ROCK FALLS – The country is broke, and there’s more than one group of people to blame for it.
So says outspoken former U.S. Rep. Joe Walsh, who spoke to members of the Sauk Valley Tea Party Tuesday night at the Rock Falls Eagles Club.
“The next time a politician tells you we’re $16 trillion in debt, throw something at ‘em,” the conservative tea party Republican said. “We’re north of $100 trillion in debt. We don’t know what that means. That’s so much money.
“We’re broke and we’re broken.”
So who is to blame for the sad state of affairs?
First, politicians – Republicans and Democrats, he said.
“When you’re a politician, all you want to do is get re-elected,” he said. “Springfield, D.C., doesn’t matter. Your goal in life is to get re-elected.”
Walsh failed to do that himself. He was defeated in November by Democrat Tammy Duckworth, an Iraq war veteran, after serving one term in the former 8th Congressional District in Lake and McHenry counties.
He’s hinted at taking a run at Democratic U.S. Sen. Dick Durbin, and when asked Tuesday if he was going to run for governor, Walsh said he’s spreading his message across the state and looking at his options.
He did say President Barack Obama’s campaign team won his re-election for a reason: “They really targeted three groups of people – young people, single women and minorities. If you look at what Obama did, he spent his whole campaign targeting those people and giving them things.”
Walsh also blames the media, which he says “pushes big government,” for the nation’s state of affairs.
The American people aren’t without fault, either, Walsh said.
“I said 2 weeks ago at a town hall, I think we’ve grown stupid. I think the American people have grown lazy, the American people have gotten uninformed, ill-informed, uneducated, lazy, and yeah, we have too many of us that are just plain stupid.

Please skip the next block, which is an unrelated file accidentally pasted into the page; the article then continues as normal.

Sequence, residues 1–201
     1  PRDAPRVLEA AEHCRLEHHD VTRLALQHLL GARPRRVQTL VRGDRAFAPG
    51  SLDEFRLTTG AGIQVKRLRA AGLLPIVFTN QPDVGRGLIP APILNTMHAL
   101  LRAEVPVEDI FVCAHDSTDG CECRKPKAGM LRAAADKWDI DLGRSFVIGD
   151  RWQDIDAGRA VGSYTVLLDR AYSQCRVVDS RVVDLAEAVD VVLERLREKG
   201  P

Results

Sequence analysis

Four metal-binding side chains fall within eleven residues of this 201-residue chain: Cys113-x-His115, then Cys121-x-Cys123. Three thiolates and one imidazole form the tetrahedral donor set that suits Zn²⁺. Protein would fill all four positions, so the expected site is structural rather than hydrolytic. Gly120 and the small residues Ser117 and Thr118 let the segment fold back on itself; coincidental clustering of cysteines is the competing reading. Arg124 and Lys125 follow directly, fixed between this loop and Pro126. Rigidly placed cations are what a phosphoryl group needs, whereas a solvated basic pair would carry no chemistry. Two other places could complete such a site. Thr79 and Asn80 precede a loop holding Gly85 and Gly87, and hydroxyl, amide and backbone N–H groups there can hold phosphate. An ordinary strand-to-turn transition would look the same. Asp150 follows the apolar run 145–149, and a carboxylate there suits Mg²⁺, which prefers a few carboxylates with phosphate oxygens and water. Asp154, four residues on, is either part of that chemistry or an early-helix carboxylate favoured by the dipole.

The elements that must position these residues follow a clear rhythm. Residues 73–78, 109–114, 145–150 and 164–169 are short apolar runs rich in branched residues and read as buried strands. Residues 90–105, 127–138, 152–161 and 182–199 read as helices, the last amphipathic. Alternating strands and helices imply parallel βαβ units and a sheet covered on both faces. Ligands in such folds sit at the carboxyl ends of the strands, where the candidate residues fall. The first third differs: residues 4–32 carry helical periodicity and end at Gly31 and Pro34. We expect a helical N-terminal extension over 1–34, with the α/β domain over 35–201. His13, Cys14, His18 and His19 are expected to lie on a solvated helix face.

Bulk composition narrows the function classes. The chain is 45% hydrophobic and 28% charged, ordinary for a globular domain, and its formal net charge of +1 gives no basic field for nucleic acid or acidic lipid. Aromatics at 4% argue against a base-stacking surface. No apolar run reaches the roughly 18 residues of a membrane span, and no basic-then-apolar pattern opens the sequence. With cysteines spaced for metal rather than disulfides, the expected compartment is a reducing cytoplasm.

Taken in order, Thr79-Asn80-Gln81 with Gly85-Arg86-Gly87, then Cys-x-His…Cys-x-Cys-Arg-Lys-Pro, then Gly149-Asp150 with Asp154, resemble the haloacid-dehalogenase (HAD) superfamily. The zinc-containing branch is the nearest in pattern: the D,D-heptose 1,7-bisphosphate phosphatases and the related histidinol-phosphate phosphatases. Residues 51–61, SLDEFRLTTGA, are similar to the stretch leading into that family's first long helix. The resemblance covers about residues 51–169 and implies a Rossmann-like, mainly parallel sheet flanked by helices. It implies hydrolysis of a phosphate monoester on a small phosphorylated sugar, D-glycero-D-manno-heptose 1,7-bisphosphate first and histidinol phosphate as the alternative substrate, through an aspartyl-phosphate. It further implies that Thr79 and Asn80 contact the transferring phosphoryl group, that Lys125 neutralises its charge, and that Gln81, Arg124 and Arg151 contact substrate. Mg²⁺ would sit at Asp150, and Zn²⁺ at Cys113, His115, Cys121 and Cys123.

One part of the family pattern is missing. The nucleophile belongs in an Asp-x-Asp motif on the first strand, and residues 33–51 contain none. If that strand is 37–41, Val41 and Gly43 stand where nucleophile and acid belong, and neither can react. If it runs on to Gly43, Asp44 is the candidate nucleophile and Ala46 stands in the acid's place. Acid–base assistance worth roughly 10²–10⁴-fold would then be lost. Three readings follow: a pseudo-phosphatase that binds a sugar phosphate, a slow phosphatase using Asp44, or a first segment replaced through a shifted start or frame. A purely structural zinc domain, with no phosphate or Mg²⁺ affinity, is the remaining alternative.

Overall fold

“We don’t pay attention.”
As a solution to the failing economy and massive debt, Walsh offered his own Freedom movement. In it, he’s asking people to join his pledge to vote for candidates that adhere to five tenets: that they cut taxes and allow citizens to keep more of their own money; diminish government’s influence in peoples’ lives; reduce the nation’s debt; “respect God-given liberties” and refuse to become career politicians.
Walsh refers to it as the “I am ready to grow up and be free” movement because he wants residents to be responsible for themselves, their families and their communities.
Sheryl Noble and her husband, Don, of Rock Falls, were in the audience.
“I don’t know about a third party,” said Sheryl, 65, referring to Walsh’s push for candidates who would agree to follow the Freedom movement. “I hope that would work; America’s got to do something right now. We don’t like national debt; we don’t like the foreign aid.”
Sheryl said she has written to her congressmen in the past and received form letters in response. Nothing ever gets done, she said.
“We feel like we’re out here in the fields of Illinois and we’re stuck, and nobody’s listening.” Don, 76, said he liked what Walsh had to say.
“I just wish that [there were] more politicians that thought the same way he thinks,” Don said. “I think the country would be in a lot better shape than what it is.”